- The “low” bands already assigned to 2G/3G/4G could be reused for 5G.
- The 3.5 GHz band is the first 5G band offering a coverage/capacity compromise.
- The 26 GHz “pioneer 5G” band will mainly be used for “hot spots”.
- Other high bands will be studied during the 2019 world radiocommunications conference.
The role of the ANFR
The ANFR is conducting European and international negotiations to identify the 5G frequency bands. In Europe, two new bands have already been selected for 5G.
In 2015, these negotiations made it possible to harmonise the 3.5 GHz band as a 5G band and to define future candidate bands for 5G such as the 26 GHz band which should be the subject of global harmonisation in 2019.
At the national level, the ANFR is preparing for the arrival of 5G by freeing up the frequency bands assigned to 5G but occupied by other users.
Finally, The ANFR supports the first pilot 5G deploymentsin the 3.5 GHz mobile phone operator band and works with all the players to characterise 5G networks in terms of exposure of the general public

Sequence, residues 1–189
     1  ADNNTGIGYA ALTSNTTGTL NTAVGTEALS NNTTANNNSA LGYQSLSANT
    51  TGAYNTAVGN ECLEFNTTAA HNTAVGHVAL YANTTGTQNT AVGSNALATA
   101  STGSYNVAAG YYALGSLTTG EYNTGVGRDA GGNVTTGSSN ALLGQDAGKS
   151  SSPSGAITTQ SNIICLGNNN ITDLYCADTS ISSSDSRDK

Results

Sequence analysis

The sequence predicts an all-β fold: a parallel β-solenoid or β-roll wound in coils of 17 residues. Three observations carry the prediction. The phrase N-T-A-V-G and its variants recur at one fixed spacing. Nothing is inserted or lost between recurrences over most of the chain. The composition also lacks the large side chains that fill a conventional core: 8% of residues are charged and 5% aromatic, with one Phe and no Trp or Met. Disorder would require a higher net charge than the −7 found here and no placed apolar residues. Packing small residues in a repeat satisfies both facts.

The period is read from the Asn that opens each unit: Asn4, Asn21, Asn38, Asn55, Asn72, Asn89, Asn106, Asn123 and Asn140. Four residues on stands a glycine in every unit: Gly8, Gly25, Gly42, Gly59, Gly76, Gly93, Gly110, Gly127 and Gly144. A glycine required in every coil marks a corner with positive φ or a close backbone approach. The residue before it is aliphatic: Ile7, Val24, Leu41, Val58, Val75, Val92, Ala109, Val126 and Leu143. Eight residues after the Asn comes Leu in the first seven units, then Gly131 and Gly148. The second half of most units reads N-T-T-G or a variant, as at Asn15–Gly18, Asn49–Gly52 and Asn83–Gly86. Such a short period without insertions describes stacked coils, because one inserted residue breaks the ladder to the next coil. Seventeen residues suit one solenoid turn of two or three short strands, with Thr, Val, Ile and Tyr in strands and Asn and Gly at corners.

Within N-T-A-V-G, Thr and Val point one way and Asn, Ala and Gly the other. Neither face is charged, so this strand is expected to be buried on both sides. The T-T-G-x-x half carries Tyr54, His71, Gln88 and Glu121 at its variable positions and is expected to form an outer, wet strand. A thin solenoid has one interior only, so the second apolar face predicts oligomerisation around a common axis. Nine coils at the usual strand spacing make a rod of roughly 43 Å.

Technological evolution towards smart antennas
Current mobile networks use radio equipment known as “macro cells” deployed to provide cover in the different territories. The antennas constantly transmit signals in a given direction (beam).
5G will be deployed using “macro” sites similarly to the current operator networks, but should also be built around the deployment of small antennas installed in urban furniture.
To achieve the announced performances (speed multiplied by 10 and latency divided by 10 and multiple connections), 5G will in particular be based on a new generation of antennas that direct the signals to the devices that need them. Coupled with high frequency bands, the use of these antennas will make it possible to greatly increase speeds.